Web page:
Tacitly acknowledging that street protests would not topple Ukrainian President Viktor Yanukovich, one of his leading rivals told demonstrators on Sunday that the opposition would steer the country back towards Europe after winning the next election in 2015.
Tens of thousands of people gathered on Kiev's Independence Square for what has become a weekly event since late November, when Yanukovich's government refused to sign an association agreement with the European Union and turned instead to Russia for an economic rescue package.
The turnout was visibly lower than last week, when it was estimated at about 100,000, as many Ukrainians were busy preparing for the New Year holidays and the Ukrainian Orthdox Christmas, which is celebrated on January 7.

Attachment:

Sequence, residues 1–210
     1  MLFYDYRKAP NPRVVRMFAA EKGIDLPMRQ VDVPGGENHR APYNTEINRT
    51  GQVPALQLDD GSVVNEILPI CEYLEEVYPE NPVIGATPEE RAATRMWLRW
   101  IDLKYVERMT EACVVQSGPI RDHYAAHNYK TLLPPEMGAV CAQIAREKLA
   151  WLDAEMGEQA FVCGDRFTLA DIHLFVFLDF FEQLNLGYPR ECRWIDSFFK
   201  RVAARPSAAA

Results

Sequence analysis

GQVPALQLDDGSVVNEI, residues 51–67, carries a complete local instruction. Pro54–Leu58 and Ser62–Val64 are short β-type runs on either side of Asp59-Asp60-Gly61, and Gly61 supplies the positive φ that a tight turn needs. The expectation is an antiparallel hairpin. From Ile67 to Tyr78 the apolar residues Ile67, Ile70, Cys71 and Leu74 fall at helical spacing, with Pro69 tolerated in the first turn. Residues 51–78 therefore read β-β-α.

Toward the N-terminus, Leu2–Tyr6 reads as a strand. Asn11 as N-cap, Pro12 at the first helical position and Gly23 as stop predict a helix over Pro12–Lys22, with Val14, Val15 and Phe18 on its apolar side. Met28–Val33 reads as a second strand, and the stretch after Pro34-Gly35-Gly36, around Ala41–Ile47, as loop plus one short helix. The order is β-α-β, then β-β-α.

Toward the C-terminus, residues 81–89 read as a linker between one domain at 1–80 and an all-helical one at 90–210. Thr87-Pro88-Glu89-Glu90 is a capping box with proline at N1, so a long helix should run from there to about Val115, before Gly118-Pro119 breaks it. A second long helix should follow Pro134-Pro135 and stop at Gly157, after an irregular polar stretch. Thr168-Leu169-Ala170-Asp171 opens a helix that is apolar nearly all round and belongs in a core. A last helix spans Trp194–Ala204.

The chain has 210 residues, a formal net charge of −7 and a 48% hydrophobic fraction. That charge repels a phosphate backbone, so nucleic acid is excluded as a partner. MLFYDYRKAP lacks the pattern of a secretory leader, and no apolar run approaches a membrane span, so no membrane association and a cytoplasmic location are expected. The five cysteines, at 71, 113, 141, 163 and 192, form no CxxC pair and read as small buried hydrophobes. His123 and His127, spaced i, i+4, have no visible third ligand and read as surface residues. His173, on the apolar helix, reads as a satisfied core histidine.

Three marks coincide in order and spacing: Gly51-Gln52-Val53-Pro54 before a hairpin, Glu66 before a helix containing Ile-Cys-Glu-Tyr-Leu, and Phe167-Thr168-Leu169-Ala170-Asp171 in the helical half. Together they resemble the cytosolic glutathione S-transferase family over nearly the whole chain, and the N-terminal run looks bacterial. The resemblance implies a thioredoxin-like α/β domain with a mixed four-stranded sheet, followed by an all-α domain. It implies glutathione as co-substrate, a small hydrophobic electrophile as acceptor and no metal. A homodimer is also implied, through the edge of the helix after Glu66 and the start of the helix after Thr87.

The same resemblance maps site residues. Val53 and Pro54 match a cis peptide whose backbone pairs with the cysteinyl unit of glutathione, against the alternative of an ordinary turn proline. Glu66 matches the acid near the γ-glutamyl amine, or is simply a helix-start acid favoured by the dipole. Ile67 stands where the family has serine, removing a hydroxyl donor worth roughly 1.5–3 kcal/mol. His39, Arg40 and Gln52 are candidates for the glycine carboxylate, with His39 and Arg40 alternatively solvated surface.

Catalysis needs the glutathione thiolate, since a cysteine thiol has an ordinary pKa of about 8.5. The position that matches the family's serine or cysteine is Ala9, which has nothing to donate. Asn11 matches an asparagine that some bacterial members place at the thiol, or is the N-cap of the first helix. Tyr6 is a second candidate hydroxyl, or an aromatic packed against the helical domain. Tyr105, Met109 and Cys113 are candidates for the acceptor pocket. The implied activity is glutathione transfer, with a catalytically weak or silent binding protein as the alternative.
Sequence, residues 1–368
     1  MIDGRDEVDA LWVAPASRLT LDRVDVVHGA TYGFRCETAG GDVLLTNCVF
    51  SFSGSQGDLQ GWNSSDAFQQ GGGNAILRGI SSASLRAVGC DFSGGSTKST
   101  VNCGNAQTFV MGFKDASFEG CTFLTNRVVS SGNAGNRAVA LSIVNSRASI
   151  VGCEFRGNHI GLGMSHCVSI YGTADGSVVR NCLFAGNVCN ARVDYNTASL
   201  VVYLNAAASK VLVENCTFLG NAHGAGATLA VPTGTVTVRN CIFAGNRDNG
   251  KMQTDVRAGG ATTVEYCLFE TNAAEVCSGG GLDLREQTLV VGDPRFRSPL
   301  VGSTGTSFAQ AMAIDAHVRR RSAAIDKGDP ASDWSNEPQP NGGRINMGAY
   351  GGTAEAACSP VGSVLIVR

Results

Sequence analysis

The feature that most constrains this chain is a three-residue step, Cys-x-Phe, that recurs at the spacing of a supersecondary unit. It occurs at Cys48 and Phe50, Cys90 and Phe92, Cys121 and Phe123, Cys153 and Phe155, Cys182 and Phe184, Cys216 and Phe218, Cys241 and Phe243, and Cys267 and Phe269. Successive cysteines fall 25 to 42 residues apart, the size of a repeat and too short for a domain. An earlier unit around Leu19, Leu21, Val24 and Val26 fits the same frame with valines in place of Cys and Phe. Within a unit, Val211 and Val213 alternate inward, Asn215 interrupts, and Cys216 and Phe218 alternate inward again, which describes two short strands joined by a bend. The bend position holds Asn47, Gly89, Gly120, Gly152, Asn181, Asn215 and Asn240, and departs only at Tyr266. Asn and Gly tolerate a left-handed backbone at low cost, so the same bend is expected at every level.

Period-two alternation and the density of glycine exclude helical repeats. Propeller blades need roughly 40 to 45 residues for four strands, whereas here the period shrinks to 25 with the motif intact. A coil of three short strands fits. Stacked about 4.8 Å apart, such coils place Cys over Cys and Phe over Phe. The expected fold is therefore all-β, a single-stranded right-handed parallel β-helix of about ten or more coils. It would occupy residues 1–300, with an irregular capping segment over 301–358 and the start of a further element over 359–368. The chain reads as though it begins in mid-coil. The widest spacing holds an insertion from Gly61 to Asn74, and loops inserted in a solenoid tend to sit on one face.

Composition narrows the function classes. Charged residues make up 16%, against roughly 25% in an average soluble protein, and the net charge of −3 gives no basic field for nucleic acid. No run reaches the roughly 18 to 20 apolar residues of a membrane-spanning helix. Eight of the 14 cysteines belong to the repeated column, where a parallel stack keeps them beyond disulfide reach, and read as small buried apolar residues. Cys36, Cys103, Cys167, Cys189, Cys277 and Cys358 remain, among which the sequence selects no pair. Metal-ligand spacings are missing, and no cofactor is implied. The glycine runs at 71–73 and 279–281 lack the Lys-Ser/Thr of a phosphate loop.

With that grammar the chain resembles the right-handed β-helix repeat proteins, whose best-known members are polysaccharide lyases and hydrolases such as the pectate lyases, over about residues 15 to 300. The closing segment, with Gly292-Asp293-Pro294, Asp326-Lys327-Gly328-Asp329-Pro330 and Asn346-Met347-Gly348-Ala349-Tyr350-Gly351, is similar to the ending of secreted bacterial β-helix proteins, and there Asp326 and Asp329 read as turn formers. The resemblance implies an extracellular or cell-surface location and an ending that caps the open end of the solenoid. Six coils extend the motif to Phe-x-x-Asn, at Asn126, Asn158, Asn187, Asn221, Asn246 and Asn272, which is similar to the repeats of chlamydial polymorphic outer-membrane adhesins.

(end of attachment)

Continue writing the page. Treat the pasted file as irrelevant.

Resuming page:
The falling numbers have eased the pressure on the government, which is pressing ahead with forging closer ties with Russia, having secured a $15 billion bailout package from Moscow and a discount on vital Russian gas supplies.
The opposition wants the country of 46 million people to move closer to Europe and escape the grip of Russia, its former imperial master.
"We are preparing to win the presidential elections," said Arseny Yatsenyuk, the leader of the opposition Batkivshchyna (Fatherland) party. "We are building a team... that will be able to turn Ukraine into a European country."